Welcome to the UFC: Rolando Bedoya

Rolando Bedoya, UFC 288
Rolando Bedoya, UFC 288 weigh-in Credit: Jake Noecker/Cageside Press

The UFC returns to Newark, NJ for the first time since prior to COVID for UFC 288: Sterling vs. Cejudo. And if that didn’t give it away, it’s Aljamain Sterling defending his bantamweight title against Henry Cejudo in the main event. Also on the card, Rolando Bedoya, one of several debuting fighters. The welterweight has been paired up against Khaos Williams.

Rolando “The Machine” Bedoya
Standing at five-foot-eleven
Fighting at 170 lbs (welterweight)
Fighting out of Lima, Peru
Training out of Chute Boxe
A pro record of 14-1
4 KO/TKOs, 3 Submissions

How will Bedoya fare in the UFC:

I didn’t expect Bedoya to be signed straight out to the UFC without having to go through the Contender Series first. He is the Fusion FC welterweight champion out of Peru. His only loss came almost eights years ago in 2015. He’s won his last eleven fights riding a lot of momentum. Bedoya has fought a few good records but doesn’t have that one meaningful win.

Bedoya is a good striker, which is where he wants to keep the fight. He does have pretty good takedown defense to keep it there. Saying that, he’s never had it tested against a credible wrestler. Bedoya will mix in takedowns from time to time but I don’t rate his ground game too highly. It is nice though that he will mix things up.

On the feet, Bedoya could use better footwork. He relies on his hand positioning to win the little battles. Bedoya does a really good job at blending in punches and leg kicks frequently. He hardly ever throws single strikes as it’s always in twos or three. Bedoya throws a bunch of leg kicks and that’s to start and end short combinations. He don’t seem to generate much power in anything he throws but his volume adds up. Bedoya is flat-footed and will sit in the pocket for far too long. He does roll with punches well but he’s there to get hit as he’s been hurt and dropped before.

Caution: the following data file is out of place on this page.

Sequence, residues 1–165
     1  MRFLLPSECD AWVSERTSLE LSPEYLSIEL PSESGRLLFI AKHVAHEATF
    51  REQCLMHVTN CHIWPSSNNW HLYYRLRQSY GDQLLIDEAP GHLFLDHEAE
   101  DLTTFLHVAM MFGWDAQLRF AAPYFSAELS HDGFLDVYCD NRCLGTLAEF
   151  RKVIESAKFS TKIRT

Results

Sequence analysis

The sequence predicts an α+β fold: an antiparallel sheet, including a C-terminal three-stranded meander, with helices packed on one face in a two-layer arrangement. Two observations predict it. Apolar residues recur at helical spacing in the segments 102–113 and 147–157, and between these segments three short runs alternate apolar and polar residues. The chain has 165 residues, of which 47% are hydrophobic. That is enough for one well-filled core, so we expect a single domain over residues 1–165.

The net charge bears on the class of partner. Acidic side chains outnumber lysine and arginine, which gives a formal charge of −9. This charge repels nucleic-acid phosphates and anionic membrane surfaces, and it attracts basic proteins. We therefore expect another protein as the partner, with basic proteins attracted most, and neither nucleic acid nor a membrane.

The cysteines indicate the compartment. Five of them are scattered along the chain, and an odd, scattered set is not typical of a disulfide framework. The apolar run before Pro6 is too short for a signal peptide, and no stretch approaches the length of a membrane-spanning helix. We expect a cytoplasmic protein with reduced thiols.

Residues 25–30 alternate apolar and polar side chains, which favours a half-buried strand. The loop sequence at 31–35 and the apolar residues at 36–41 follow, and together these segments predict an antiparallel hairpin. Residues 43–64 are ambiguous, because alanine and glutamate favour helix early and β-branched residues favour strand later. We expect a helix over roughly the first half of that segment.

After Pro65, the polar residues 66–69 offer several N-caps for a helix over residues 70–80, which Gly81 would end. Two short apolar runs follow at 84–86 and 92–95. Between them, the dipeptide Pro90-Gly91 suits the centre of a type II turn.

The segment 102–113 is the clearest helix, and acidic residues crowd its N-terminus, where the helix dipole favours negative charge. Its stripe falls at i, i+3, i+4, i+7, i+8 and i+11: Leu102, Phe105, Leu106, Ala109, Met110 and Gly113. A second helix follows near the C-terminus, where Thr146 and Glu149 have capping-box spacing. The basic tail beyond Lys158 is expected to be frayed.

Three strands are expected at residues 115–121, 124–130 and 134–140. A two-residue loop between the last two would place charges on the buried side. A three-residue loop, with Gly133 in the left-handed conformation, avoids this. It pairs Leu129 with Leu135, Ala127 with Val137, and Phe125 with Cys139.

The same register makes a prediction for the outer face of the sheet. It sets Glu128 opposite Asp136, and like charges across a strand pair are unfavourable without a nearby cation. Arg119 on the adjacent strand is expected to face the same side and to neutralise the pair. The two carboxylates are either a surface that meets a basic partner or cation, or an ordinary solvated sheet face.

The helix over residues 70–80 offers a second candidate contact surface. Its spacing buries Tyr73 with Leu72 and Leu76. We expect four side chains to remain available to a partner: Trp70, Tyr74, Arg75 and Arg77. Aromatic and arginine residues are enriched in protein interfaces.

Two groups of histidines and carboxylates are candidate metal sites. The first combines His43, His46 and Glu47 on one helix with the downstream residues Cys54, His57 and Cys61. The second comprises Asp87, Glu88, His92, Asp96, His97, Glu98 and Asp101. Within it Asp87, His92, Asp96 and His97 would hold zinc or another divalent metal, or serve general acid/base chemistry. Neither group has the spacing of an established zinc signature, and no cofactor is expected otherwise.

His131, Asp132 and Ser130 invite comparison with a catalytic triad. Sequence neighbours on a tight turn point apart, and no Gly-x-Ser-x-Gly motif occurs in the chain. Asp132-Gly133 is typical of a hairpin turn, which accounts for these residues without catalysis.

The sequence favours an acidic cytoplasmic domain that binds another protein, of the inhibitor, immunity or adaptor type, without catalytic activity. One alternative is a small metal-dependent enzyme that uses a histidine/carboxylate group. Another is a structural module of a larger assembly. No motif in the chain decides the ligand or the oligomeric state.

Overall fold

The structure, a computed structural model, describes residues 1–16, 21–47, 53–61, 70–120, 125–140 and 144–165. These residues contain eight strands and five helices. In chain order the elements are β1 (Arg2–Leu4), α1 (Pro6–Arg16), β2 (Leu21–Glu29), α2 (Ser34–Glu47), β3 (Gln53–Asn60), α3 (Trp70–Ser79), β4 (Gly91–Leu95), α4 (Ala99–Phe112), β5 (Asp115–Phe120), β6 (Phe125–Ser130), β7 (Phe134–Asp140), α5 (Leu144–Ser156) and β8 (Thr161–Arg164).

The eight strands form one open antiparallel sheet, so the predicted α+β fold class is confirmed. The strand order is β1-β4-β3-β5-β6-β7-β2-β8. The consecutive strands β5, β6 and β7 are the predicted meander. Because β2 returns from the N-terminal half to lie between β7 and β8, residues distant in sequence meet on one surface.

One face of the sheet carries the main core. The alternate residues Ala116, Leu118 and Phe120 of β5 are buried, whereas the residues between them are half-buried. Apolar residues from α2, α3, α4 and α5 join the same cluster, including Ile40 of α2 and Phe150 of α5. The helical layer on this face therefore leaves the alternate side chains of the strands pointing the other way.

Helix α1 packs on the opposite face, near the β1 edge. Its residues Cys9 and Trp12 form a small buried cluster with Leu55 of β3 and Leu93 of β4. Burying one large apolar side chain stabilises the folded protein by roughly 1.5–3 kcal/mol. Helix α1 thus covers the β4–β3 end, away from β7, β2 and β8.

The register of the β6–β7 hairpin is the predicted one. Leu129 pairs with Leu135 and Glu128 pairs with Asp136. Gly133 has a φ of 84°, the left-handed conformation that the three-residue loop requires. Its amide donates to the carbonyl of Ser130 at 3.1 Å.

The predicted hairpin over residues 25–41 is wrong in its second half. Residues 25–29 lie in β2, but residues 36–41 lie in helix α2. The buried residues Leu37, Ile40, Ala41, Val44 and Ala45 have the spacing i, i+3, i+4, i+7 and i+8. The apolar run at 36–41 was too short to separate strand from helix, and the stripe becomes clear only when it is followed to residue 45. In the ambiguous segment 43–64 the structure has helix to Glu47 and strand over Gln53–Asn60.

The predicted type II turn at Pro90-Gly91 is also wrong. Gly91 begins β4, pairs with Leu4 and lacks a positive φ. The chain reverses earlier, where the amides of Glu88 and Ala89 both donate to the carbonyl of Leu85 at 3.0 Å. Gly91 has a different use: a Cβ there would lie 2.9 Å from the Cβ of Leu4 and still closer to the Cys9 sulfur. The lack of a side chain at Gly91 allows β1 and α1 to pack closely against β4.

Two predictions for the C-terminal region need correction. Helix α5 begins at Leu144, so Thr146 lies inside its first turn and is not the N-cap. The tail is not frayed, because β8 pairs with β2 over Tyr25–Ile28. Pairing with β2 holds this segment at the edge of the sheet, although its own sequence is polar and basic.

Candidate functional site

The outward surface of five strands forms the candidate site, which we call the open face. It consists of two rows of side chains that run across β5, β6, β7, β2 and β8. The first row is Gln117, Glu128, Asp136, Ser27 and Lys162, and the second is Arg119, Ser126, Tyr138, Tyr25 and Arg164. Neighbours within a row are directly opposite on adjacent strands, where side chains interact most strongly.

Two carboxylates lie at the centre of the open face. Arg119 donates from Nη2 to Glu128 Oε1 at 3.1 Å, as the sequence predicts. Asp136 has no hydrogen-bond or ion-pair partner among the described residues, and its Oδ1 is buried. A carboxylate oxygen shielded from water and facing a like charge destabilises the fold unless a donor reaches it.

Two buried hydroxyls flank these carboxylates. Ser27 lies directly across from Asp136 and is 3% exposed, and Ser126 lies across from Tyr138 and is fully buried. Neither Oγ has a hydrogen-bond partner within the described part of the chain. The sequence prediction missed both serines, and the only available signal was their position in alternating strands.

I’m not confident Bedoya can be successful in the UFC. He’s got holes in his game in all areas. Even where he’s best, he’s not outclassing anyone. Depending on how he will be matched up I do think he could beat the bottom of the division. Against guys like Mike Mathetha, Themba Gorimbo, and Orion Cosce I would confidently pick Bedoya.

How does he match up with Khaos Williams:

Williams is a tough one to make your debut against. All five guys Williams has fought in the UFC would likely beat Bedoya. I’m guessing this fight doesn’t hit the mat. Williams doesn’t wrestle and Bedoya likely can’t take him down. My big issue with Williams is he won’t fire enough. He’s sometimes gun-shy and it’s a shame because he has bricks in his fists.
Bedoya will draw the fight out of him because he will push the pace. But someone that moves a lot and uses range is what you would expect to beat Williams. That style of fighter isn’t Bedoya. Instead, Bedoya will sit in the pocket and trade. I strongly favor Williams in a striking affair. Too much all of a sudden for Bedoya to handle.